Except, of course, Sony and Microsoft weren’t destroyed, and once you put aside the ridiculous hyperbole that comes from the corporate advocates that somehow wound up working for media publications, the Steam Deck is quite obviously not going to topple Nintendo. It’s a Valve device. That company is clueless when it comes to hardware.
On paper the specs are great: It’ll set you back around $US400, and you do get a good hit of processing power in it. It’s being pitched as the “play AAA-blockbuster games on the go” device, as though AAA blockbusters are desirable things worth playing (some strange logic there, if you ask me). As an additional “plus,” the whole device and OS has been designed to specifically facilitate the kind of UI input that is necessary for portable gaming. But, and this is a big “but”:
People often forget that Valve – and the kind of fan so passionate about PC gaming that they’d want to be able to access their libraries from absolutely anywhere – is an exceedingly niche audience. Meanwhile, Nintendo, Sony and Microsoft’s success comes from them providing consoles and gaming experiences for everyone. The Switch is the world’s best selling console for Animal Crossing, and that’s not even in 4K resolution. Nintendo also brings to market consoles that are colourful, vibrant, and personable. You can have yellow Joy-cons! The Steam Deck looks exactly like the kind of console designed in the garage by someone who very rarely talks to other people. I mean, look at where they put the teeny-tiny face buttons – the right hand “B” button is just about falling off the edge of the console, and that’s driving the photoshop designer inside me a bit batty already. Someone really needs to explain to Valve’s engineers how aesthetics work, because if they’re going to beat Nintendo, they’re going to need to learn that.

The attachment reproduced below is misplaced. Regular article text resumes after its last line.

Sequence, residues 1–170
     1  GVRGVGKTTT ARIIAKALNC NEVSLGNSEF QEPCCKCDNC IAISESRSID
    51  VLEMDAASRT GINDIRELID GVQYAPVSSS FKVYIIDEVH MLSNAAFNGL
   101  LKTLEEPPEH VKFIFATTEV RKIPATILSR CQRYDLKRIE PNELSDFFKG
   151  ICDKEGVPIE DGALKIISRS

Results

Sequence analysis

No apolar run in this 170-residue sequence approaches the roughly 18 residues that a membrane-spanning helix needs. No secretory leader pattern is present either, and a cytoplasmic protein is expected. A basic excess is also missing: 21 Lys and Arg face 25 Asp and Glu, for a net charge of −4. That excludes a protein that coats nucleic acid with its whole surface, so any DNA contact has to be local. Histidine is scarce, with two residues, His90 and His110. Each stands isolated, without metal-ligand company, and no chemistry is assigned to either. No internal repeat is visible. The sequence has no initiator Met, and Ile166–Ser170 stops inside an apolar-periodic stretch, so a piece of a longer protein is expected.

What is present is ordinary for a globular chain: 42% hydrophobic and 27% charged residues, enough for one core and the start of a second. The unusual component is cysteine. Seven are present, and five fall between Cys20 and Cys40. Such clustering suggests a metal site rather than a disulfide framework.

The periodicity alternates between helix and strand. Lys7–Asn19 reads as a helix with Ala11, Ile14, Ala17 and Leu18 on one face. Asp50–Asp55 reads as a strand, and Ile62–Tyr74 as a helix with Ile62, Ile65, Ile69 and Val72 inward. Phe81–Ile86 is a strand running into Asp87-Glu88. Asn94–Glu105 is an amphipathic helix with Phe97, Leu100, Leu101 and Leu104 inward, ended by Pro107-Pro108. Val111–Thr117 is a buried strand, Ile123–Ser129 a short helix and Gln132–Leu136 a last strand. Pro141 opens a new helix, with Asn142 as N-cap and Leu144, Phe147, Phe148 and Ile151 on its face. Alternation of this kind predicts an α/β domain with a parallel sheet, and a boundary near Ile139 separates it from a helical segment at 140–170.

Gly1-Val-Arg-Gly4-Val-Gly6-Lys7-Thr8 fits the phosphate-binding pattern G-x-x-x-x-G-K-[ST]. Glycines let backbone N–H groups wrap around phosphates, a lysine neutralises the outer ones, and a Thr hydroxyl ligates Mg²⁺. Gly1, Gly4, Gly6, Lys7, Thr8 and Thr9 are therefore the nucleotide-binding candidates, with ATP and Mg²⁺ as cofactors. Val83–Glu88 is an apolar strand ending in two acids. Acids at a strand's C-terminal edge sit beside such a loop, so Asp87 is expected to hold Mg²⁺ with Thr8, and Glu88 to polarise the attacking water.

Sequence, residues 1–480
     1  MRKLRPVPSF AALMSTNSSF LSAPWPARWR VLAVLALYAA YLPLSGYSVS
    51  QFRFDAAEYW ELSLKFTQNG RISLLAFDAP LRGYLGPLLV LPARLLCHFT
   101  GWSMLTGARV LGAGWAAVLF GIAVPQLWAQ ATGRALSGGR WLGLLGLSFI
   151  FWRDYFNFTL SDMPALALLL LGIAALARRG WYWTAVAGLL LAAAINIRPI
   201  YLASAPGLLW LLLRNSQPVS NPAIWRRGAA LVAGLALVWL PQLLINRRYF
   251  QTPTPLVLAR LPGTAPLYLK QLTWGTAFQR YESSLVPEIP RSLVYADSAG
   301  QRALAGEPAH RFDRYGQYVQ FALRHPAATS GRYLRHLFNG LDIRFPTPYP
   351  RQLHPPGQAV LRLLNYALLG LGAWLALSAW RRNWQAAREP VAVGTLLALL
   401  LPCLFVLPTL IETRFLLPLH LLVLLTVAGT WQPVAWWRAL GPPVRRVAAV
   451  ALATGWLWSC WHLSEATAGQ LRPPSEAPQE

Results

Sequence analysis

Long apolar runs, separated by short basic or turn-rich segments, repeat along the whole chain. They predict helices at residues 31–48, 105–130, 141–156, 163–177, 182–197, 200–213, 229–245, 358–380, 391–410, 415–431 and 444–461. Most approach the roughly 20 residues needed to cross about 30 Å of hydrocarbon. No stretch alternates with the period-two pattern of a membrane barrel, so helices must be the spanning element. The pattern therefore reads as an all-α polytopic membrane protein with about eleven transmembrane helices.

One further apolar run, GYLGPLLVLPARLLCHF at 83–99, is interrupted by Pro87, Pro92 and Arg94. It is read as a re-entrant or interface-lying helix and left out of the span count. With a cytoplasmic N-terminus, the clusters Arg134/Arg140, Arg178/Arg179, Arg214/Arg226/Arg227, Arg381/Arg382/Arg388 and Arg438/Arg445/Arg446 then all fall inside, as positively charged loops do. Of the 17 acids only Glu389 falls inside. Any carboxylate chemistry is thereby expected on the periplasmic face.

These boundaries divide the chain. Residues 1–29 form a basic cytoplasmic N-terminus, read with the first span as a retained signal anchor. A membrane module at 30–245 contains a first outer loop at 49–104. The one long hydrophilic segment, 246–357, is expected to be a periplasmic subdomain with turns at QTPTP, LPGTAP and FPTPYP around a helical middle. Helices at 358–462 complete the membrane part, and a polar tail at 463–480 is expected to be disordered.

Then there’s the reality that Valve has never been good at marketing its stuff – no matter how good – to people who aren’t already deep fans of the Valve ecosystem. Go down to the local shopping mall and poll 100 people: ask them what a Nintendo Switch is. Then ask them what Steam Box or Steam Link is. Just see which of those people are more aware of. Hell, ask the common person what Steam is, and I think you’ll be surprised by just how that pans out. Those of us that live and breathe video games often forget this, but everything about Steam is very specifically tooled towards hardcore gamers. It’s lucrative, for sure. It’s also significantly smaller than the markets the consoles pitch to, though, and that’s one of the key underlying reasons why Valve can’t produce hardware that sticks; their audience is much smaller then they themselves seem to be aware of.
Am I interested in Steam Deck? Yes, of course. But then again I am the audience for this thing. Not because I give a damn about “AAA” games – that I don’t – but I’ve got about 1,000 games on Steam, and I’m looking forward to having Total War on the go in particular. I’m also very keen on playing Saya No Uta when I commute on the train, because I have a theory that when people see me playing that they’re going to move away from me, and that means I’ll get social distancing. Saya No Uta may well prevent me from getting COVID-19 and save my life!
But while I am interested, am I going to be an early adopter? Absolutely not. Valve is terrible at this, the Steam Deck looks terrible, and until I see otherwise I have no reason to believe that this will be anything more than the latest in Valve’s misfires when it comes to hardware.
Find me on Twitter: @mattsainsb